The Tin Drum overlooking Bologna
I had barely brought The Tin Drum back to my local library that I missed Oskar and his crazy ramblings. That is what I call a classic.

Yesterday I brought The Tin Drum back to our local library.

I kind of rushed there, considering it was my last day and I had still ten pages to go.

In spite of this, as I got home I was sure I would meet Oskar the Drummer after dinner again. It was a familiar feeling, like something that is now part of your daily schedule.

Too bad, though, I didn’t have the actual book anymore so I had to elaborate our parting.

After all, I am mostly interested in how a book makes me feel once it is finished. Once it will have no stories left to tell me.

Günter Grass was definitely a winner in this respect, much like other great authors whose novels grabbed me, squeezed me and ultimately left me stunned.

Well, I missed Oskar and I missed his ramblings told simultaneously in first and third person. I missed the floods of thoughts madly overlapping and eventually summarizing, in a matter of seconds, a whole life.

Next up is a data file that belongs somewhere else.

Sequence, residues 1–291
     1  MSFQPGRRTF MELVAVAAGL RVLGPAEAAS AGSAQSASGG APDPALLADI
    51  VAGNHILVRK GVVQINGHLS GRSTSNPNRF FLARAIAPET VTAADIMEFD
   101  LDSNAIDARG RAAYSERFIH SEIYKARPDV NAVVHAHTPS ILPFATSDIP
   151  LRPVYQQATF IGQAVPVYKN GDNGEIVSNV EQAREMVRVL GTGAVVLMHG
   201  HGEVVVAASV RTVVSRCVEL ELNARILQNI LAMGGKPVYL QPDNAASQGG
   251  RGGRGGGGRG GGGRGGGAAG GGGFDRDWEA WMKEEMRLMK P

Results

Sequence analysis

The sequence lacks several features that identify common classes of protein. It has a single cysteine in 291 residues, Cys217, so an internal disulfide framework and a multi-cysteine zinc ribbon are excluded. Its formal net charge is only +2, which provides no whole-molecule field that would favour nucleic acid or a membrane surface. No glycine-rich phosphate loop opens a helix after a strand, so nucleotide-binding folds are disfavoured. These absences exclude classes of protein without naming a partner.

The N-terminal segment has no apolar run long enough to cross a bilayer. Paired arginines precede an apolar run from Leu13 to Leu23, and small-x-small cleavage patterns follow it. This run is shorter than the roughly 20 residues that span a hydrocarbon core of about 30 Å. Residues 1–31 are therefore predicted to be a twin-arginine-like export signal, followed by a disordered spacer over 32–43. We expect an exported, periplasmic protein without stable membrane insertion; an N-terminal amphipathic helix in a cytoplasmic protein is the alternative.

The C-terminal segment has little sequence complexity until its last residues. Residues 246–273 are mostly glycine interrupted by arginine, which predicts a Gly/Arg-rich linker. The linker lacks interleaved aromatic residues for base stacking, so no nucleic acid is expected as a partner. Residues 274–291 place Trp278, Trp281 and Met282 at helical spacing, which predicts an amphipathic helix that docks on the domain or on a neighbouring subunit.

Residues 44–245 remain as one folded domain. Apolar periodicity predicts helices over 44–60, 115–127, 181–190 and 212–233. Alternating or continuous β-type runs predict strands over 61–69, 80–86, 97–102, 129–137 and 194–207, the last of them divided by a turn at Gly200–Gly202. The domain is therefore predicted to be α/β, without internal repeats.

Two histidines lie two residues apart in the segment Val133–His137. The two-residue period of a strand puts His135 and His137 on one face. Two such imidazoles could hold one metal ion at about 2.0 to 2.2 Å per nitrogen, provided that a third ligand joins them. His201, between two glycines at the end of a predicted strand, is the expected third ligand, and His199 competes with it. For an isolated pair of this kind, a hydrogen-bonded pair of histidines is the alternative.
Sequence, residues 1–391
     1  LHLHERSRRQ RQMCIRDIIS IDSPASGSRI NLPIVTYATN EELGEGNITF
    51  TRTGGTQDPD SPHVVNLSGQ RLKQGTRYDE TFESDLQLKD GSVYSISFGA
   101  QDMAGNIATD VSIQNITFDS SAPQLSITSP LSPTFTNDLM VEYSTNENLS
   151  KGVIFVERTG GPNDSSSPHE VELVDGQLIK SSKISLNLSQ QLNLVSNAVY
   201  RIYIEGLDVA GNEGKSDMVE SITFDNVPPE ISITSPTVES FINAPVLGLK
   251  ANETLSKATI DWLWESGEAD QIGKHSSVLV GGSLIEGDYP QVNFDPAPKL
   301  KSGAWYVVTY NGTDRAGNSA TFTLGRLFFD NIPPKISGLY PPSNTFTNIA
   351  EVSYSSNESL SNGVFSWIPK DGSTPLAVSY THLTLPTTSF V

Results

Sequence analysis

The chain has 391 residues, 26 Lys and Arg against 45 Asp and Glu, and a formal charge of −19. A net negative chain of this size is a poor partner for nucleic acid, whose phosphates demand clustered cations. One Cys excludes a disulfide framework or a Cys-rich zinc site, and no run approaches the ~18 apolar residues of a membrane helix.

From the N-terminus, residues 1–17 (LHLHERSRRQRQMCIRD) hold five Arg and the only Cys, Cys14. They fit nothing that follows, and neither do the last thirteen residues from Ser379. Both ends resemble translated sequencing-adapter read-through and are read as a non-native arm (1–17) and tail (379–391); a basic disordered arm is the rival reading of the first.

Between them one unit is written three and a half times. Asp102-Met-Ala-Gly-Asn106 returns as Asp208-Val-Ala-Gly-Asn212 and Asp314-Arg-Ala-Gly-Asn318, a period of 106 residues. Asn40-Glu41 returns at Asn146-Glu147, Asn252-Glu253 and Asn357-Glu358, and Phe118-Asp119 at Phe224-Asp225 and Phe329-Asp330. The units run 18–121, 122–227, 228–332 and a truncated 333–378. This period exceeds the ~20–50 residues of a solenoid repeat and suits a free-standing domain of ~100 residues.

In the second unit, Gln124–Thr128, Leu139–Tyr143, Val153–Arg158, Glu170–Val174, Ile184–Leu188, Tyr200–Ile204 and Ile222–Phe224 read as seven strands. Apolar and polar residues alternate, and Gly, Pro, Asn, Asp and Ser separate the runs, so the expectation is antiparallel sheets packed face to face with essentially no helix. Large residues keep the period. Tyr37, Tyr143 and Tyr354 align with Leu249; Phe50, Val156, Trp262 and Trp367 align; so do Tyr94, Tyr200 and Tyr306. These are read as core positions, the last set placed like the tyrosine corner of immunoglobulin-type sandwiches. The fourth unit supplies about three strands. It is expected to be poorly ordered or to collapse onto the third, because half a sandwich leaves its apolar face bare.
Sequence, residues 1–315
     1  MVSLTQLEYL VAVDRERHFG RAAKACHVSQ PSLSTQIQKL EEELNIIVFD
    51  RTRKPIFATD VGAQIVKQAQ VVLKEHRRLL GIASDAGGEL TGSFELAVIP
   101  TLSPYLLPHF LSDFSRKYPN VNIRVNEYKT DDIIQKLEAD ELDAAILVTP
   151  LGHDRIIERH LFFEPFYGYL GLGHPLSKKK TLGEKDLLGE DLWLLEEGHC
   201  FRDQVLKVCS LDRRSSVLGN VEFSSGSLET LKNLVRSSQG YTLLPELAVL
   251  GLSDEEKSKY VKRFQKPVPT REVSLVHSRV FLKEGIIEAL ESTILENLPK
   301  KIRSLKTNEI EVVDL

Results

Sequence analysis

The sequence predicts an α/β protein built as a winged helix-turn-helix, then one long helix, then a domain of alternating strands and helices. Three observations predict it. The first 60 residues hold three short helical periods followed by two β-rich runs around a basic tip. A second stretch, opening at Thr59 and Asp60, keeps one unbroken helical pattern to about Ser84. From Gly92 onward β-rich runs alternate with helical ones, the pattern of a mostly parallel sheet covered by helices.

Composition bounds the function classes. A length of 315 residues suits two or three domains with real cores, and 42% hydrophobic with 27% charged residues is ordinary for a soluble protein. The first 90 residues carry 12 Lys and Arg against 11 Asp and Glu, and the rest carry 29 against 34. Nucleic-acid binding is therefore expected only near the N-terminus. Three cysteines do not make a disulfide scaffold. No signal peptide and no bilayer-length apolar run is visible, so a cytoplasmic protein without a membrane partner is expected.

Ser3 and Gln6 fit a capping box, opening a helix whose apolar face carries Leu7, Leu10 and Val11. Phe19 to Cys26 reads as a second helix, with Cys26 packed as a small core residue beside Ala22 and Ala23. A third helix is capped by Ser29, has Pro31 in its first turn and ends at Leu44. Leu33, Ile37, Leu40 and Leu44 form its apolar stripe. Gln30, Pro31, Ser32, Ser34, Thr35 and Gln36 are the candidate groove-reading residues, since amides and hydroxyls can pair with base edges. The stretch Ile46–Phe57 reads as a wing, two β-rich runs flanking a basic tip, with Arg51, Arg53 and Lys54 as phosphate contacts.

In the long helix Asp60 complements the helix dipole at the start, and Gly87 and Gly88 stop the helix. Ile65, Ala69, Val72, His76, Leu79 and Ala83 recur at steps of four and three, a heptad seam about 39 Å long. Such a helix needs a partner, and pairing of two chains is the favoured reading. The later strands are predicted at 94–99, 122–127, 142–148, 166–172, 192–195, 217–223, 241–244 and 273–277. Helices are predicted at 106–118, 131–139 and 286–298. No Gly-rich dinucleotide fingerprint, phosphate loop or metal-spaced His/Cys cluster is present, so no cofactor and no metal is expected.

As a typical INFP introvert I can’t but appreciate this type of character, who dissects reality down to its tiniest details.

In fact, as I read The Tin Drum, I realized I was creating far more associations than usual. I fixated on fragments of impressions and activated unusual idea associations. This may not make me look totally cool but I have long stopped hiding my true nature.

What’s more, I wasn’t expecting The Tin Drum to be set before, during and after WW2.

All the more, the life of a German character coming from the East. That’s when I realized it is one thing to use the phrases Eastern Germany/Western Germany, quite another to be aware of what really happened as story was being made.

If this weren’t enough, a couple of days later I open my work mail and what do I see? A LinkedIn request by a certain Bronskji. I smiled and couldn’t helpt but whisper to myself: ‘Oskars, that’s all you’re going to see!”.

The Tin Drum on Amazon UK